Archive | August, 2013

Eric Pickles is not even supported by the motoring lobby!

26 Aug

A few months ago Eric Pickles suggested that motorists should be allowed to park on double yellow lines for 10 minutes (later raised to 15 minutes or longer) to help the local economy. Today we learn that he wants councils to end their “draconian” parking policies, “over-zealous traffic wardens” and end their “anti-car dogma”. Needless to say, this sort of thing results in loads of hostility from the left which I guess he enjoys. I find it more interesting that the police and the core motoring organisations also object. If he doesn’t have the support of these people, then who is it who is being dogmatic I wonder?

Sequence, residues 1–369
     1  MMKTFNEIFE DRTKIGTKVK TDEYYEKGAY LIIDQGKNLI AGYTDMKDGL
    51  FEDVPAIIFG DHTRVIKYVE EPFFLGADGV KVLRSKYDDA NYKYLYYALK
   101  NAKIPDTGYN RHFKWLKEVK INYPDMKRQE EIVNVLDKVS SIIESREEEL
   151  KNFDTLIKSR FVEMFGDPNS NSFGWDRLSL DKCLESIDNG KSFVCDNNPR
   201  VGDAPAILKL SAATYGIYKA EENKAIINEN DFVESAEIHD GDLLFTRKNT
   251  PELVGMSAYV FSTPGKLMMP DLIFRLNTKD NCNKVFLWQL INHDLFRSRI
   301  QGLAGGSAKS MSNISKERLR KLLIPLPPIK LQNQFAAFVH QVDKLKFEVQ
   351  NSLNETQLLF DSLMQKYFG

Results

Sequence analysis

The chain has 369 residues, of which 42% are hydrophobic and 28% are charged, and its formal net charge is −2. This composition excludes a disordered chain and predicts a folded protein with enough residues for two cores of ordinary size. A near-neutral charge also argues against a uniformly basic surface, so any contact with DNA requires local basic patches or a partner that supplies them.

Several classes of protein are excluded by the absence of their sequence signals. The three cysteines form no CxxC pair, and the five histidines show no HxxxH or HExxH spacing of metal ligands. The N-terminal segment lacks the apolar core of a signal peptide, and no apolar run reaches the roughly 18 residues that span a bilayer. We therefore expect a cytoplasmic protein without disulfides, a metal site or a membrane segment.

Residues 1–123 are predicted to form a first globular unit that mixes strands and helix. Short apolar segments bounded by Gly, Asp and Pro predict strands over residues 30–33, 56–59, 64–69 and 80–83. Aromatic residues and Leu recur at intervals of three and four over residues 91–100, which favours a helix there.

By way of example:

The West Midlands Crime Commissioner wrote “I do find Eric Pickles’ proposal for people to be able to park on yellow lines an ill thought out and potentially dangerous proposal… It will also be immensely difficult to take effective action against anyone exceeding a 15 minute stay and would require officers checking vehicles approximately every 20 minutes.  To achieve this, you would probably need to treble the number of parking enforcement officers… This policy is damaging to safety, smooth flow of traffic and to the attractiveness of shopping centres themselves”

The RAC Foundation, the AA and the British Chambers of Commerce all suggested that yellow lines regulations were fine as they were, The RAC Foundation explaining “allowing people to stop for longer periods of time on double yellow lines would add to rather than diminish local congestion and parking problems.”